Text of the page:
The Milgram studies were a series of psychological studies conducted by Stanley Milgram beginning in the 1950′s to determine the influence of authority on people’s willingness to commit acts that harm another human being. Researchers were particularly interested in how ordinary people were led to commit atrocities in the authoritarian Nazi regime as a result of “obeying orders.”
In a typical experiment, a teacher (test subject) would be asked to help teach another person (actually a confederate of those conducting the study) a task. The teacher and the learner were placed in separate rooms so that the teacher could not see the learner, but could hear the learner over an intercom system. The teacher was then instructed to use a dial and switch to deliver an electric shock to the learner whenever the learner made an error. The researcher (authority figure) in the room with the teacher instructed the teacher to gradually turn up the dial to increase the voltage and therefore the severity of the electric shock. If the teacher showed reluctance, the authority figure assured the teacher that it was okay to do so. This lifted the burden of responsibility for causing suffering or harm away from the teacher and onto the researcher. As the experiment progressed the teacher could hear via the intercom supposed cries of pain from the learner in the other room. Using this dynamic, some ordinary college student subjects, though not all, were willing to inflict, based on the sounds from the intercom, suffering to the point of agony on the learner. Many subjects saw themselves as not responsible for their own actions as long as the authority figure assumed the responsibility, by assuring the teacher that it was okay to continue.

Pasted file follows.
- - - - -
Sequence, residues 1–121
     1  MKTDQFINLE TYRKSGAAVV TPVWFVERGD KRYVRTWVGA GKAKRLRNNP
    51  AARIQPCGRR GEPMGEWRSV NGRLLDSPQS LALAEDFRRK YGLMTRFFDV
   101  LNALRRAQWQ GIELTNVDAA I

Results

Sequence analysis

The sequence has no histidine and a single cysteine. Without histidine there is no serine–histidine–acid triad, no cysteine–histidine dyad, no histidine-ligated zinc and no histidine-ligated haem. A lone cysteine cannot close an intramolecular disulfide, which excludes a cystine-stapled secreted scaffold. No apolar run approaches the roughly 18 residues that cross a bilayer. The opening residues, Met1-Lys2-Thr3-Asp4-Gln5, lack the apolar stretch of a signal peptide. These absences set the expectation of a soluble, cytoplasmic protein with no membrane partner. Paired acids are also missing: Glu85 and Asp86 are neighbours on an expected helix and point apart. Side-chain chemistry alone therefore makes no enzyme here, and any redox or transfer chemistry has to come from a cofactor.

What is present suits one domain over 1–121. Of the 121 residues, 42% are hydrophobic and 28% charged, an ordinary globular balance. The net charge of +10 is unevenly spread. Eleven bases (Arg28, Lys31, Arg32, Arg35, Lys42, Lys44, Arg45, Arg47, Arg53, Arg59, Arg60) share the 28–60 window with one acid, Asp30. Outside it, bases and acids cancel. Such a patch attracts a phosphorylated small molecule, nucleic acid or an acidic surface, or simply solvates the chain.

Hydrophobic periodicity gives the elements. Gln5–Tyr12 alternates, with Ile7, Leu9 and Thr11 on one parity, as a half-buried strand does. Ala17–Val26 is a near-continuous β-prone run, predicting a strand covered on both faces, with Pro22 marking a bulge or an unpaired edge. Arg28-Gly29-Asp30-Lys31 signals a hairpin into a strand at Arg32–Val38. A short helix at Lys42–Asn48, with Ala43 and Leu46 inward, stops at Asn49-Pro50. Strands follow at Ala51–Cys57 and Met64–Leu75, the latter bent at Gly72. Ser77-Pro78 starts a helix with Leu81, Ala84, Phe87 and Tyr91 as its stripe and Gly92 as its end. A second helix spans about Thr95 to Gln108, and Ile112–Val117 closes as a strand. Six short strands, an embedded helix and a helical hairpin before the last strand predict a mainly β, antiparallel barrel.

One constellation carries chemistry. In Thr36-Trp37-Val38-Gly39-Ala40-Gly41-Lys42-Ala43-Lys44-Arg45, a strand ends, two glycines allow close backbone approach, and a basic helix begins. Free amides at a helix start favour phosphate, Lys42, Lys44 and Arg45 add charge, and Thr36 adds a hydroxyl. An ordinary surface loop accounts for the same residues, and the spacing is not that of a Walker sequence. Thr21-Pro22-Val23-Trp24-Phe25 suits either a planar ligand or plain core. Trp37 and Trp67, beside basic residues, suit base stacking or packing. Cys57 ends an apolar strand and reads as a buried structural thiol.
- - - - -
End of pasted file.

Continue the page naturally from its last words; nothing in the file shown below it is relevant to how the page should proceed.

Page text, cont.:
So, the Milgram studies showed that normal people could be induced to believe that they are not responsible for their actions. This acting as if not responsible is tied to the false idea that something other than our own personal capacity for choice can or should determine our actions. This nonresponsibility is closely linked to the use of violence. Nonresponsibility arises when we do not recognize our duty to disobey authority when obedience would violate our individual conscience. Nonresponsibility can also occur when we adhere to a deterministic view of the universe that does not allow for individual choice.
This idea of nonresponsibility is closely related to the idea in psychology of internal versus external locus of control. A person’s awareness that the choices they make affect their reality and outcomes is known as an internal locus of control, while the belief that outcomes are determined by external circumstances that are beyond our control is known as an external locus of control. Nonviolence effectively depends on an internal locus of control. There can be no nonviolence without personal conscience and choice, such as the choice to disobey a harmful order, or the choice to overcome our flight or fight response and engage with a difficult situation creatively.